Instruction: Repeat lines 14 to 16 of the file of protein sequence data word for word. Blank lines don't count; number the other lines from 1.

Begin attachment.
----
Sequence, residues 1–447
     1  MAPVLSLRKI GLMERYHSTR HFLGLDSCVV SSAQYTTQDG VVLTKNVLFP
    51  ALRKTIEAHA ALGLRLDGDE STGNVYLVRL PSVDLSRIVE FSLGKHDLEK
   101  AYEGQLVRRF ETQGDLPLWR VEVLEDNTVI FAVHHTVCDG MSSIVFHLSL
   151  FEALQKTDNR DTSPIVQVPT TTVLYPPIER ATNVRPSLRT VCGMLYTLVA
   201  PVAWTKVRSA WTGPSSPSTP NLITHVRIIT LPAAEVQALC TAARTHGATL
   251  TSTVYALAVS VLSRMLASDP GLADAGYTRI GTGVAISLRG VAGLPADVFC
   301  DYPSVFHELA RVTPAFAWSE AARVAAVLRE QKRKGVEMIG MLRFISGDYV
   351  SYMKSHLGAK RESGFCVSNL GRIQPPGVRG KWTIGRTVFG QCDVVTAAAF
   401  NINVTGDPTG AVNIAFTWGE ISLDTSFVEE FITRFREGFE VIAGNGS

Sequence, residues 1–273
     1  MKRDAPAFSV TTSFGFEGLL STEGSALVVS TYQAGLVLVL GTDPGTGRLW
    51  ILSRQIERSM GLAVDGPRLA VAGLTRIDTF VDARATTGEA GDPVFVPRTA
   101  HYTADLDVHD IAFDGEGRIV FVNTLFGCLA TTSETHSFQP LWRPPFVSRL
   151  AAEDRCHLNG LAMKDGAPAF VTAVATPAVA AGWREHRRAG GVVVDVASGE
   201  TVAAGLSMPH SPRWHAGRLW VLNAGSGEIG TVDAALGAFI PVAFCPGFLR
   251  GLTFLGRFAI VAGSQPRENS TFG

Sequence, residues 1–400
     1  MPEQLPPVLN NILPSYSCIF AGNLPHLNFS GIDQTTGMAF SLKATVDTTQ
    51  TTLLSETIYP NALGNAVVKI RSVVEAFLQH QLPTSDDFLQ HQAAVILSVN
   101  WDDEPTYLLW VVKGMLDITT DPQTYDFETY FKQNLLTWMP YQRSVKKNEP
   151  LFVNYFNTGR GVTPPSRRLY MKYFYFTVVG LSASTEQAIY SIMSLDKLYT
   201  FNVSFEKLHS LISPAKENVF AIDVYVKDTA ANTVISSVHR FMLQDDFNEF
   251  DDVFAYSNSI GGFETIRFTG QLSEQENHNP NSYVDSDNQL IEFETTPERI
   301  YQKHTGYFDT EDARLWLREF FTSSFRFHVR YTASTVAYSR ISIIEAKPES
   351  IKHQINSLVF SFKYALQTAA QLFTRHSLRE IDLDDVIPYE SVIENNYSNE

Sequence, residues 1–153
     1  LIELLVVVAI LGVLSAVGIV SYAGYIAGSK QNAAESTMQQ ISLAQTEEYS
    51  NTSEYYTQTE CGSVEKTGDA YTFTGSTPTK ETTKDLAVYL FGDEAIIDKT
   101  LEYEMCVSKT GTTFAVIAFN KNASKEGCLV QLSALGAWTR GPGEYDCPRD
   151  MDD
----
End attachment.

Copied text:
   101  HYTADLDVHD IAFDGEGRIV FVNTLFGCLA TTSETHSFQP LWRPPFVSRL
   151  AAEDRCHLNG LAMKDGAPAF VTAVATPAVA AGWREHRRAG GVVVDVASGE
   201  TVAAGLSMPH SPRWHAGRLW VLNAGSGEIG TVDAALGAFI PVAFCPGFLR